The Bombay High Court recently passed an interim injunction to restrain publication of a translated version of the Bhagavad Gita by Thomson Press. (Read the order here). The Bhaktivedanta Book Trust (“BBT’) claimed copyright in Srimad Bhagvatam, a translated, reprinted version of the Bhagavad Gita.
BBT contested that Thomson Press had reprinted a ‘classic’ version of Srimad Bhagvatam, a translation in which they held copyright. Further, they argued that there was no license agreement for the publication of this and other works by Swami Prabhupada between the parties as was claimed by Thomson Press. Justice Patel held that there was a strong prima facie case made out by BBT for the ownership of the work, as they had registered their copyright in the translation. He went on to grant an interim injunction to prevent Thomson Press from printing and reproducing the impugned work in any manner until the final disposition of the suit.
Translations as Derivative Works
The bundle of rights guaranteed in Section 14 of the Copyright Act (‘Act’) includes the right of authors of literary, dramatic or musical works to either make a translation of the work, or authorise the making of a translation. Further, authors have the right to reproduce, issue copies, perform, and to make cinematographic films/sound recordings in a translated work as well. It is important to keep in mind that translations are given the same importance as adaptations, and are perhaps to be treated as derivative works.
This isn’t the first time the copyright in a translated version of a religious text has been in dispute. In the 1999 case of Hafiz P.H. Abdul v. Abdurahiman, the Kerala High Court adjudicated on the alleged infringement of a translated version of the Quran. The Respondent argued that as the author of the translation, he had the right to prevent others from the using parts of his work. The Court recognised that even in translations, where “brain, labour and skill have been used, or where some literary works are carried out, the person who did the said work in the translation is the author having copyright over the same.”
The Delhi High Court, in the famed 2008 case of Eastern Book Company v. DB Modak had classified secondary or derivative works to be literary works based on existing subject matter, but held that such works classified for independent copyright protection should enough skill, capital and labour be expended on it. It is these factors that must be kept in mind while working on a translation of the work. The Madras High Court in the 1958 case of Blackwood & Sons v. A.N. Parasuraman was also faced the ownership of translations of Rabindranath Tagore’s works. The Court considered the provisions of the Copyright Act, 1914 before coming to the conclusion that the copyright in the translation vested in Rabindranath Tagore before it was validly assigned to the Plaintiffs in 1919.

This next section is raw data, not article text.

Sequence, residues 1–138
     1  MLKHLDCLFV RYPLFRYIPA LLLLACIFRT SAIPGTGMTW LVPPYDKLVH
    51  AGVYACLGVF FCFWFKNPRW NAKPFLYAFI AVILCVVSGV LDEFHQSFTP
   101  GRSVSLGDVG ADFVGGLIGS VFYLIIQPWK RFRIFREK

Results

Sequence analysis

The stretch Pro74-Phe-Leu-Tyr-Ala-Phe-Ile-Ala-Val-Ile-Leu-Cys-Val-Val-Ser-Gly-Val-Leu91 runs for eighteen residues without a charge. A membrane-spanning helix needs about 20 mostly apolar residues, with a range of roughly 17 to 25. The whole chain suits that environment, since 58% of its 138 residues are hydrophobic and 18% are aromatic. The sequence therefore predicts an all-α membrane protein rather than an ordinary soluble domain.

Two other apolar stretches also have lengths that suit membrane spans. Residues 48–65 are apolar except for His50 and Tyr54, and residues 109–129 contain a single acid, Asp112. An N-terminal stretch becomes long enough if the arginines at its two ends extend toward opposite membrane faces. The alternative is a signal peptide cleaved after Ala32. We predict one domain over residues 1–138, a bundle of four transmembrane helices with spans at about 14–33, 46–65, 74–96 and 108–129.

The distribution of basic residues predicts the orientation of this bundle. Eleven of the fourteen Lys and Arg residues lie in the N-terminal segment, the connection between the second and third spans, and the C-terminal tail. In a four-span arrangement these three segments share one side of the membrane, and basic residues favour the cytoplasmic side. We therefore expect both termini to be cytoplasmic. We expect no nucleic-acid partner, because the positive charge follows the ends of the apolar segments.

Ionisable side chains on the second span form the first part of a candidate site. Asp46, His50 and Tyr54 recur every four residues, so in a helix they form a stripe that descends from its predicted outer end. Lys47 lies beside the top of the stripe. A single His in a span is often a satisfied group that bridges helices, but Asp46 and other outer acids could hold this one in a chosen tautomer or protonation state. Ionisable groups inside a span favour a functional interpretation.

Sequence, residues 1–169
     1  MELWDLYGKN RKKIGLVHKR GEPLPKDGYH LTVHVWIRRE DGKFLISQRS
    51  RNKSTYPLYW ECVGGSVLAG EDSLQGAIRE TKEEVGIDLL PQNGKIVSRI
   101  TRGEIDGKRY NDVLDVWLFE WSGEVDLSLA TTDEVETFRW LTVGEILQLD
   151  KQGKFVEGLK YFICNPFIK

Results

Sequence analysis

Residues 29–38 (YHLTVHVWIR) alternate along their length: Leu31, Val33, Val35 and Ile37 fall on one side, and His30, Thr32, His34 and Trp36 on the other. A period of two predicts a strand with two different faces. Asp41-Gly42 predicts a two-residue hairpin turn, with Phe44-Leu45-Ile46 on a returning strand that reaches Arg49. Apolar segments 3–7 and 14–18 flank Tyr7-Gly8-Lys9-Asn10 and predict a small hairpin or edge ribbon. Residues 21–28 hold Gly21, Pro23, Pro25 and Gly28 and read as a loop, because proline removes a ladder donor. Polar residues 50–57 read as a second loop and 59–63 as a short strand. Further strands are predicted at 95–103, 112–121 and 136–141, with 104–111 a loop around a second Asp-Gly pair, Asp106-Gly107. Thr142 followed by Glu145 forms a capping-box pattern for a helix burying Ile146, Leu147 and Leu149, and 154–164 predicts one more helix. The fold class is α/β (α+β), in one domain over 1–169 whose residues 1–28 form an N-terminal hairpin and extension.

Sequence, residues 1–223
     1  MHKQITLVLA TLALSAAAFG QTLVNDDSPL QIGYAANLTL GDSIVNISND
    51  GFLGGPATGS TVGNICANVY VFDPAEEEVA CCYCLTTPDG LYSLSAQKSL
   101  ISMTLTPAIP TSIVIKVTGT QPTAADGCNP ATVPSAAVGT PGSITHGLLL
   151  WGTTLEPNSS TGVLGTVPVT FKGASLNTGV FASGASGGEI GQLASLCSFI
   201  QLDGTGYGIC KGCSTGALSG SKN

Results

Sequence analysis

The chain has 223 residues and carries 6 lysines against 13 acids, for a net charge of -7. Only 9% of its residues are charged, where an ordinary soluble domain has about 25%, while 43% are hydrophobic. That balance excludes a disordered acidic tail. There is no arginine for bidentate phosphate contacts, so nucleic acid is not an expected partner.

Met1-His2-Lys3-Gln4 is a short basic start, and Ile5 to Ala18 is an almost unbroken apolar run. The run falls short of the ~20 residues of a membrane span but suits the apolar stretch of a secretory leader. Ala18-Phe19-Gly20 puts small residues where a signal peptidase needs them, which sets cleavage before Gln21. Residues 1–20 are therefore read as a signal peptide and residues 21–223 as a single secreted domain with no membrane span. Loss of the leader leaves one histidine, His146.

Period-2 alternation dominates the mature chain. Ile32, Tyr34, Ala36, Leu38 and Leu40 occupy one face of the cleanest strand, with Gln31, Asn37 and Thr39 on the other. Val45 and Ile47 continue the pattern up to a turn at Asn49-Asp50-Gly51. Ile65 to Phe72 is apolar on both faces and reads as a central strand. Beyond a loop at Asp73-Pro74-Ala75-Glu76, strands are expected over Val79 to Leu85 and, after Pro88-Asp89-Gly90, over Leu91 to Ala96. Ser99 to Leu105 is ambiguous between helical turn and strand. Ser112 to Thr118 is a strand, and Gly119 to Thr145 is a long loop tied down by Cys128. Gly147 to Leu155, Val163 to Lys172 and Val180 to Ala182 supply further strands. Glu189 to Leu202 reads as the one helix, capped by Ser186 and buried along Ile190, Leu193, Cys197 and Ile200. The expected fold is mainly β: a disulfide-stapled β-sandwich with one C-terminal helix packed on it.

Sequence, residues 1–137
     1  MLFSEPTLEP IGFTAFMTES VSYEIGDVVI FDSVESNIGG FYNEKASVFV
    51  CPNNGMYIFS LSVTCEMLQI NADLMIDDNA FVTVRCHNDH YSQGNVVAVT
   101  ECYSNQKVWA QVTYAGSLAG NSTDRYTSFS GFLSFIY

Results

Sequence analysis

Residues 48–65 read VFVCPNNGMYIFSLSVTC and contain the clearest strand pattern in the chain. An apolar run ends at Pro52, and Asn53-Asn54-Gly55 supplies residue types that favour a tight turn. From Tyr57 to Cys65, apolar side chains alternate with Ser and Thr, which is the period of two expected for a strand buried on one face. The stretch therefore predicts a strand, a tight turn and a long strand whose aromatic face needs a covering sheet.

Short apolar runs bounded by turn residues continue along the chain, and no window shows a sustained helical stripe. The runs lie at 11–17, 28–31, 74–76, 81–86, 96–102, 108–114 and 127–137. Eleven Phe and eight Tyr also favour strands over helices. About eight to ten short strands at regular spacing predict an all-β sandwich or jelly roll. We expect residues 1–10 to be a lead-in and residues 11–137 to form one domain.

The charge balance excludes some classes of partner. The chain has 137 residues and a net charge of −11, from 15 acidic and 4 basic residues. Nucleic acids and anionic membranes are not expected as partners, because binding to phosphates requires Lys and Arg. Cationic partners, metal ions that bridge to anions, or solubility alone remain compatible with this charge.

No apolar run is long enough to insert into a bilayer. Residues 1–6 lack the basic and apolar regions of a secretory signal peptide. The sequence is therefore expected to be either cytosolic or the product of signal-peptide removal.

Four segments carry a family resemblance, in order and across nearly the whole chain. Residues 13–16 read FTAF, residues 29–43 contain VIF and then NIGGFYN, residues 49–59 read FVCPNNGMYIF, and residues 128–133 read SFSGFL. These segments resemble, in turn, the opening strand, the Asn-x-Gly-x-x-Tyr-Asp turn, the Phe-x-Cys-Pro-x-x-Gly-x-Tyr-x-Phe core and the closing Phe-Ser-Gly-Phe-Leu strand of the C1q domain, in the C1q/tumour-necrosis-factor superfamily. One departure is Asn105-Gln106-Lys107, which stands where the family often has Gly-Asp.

Should the copyright in the original work still exist, permission/a license must be sought before the translation can be made. If the work is in the public domain – such as the bhagavad gita – there still might be an independent copyright in the translation, should it satisfy the above factors. However, if the author is dead, unknown, or cannot be traced – an application should be made to the Copyright Board to publish a work in which copyright still subsists.
License to Produce and Publish Translated Works
Section 32 of the Act lays down that ‘any person’ may apply to the Copyright Board (‘Board’) for a license to produce and publish translated dramatic or literary works in any language, but only after a period of seven years from the first publication of the work. However, there are a few exceptions to this rule. Should the translation be for purposes of teaching, scholarship, or research, the application may be made after three years. Additionally, should the translation be in a language which is not in ‘general use in any developed country’, the application may be made after a year.
The applications should be made in the prescribed form, as well as deposit such fee as may be prescribed. After holding an inquiry as may be prescribed, the Board may grant a non-exclusive license to the applicant mandating the payment of pre-determined royalty. Further, this Section lays down conditions under which a license may be granted. A few of which are as follows:
- A translation of the work has not been published by the author in the seven/three/one year period, as applicable.
- The applicant has proved to the satisfaction of the Board that he had requested permission from the author and then been denied authorisation to publish said translation. Where the applicant was not able to locate the author, the applicant must show that he requested the publisher for permission at least two months before applying. For translations for teaching, scholarship, or research – a period of six months should have elapsed from the request for permission, and for translations not in general use in developed countries, nine months.
- The Board must be satisfied that the applicant is competent to produce and publish a correct translation, as well as have the means to pay the determined royalty.
- The author should not have withdrawn copies of the work from circulation.
- The author of the work should be given an opportunity to be heard if it is feasible.
To the best of my knowledge, there have been no other cases than the ones discussed above that have dealt with the copyright that subsists in translations. I’d love to hear from our readers on this!
Image from here.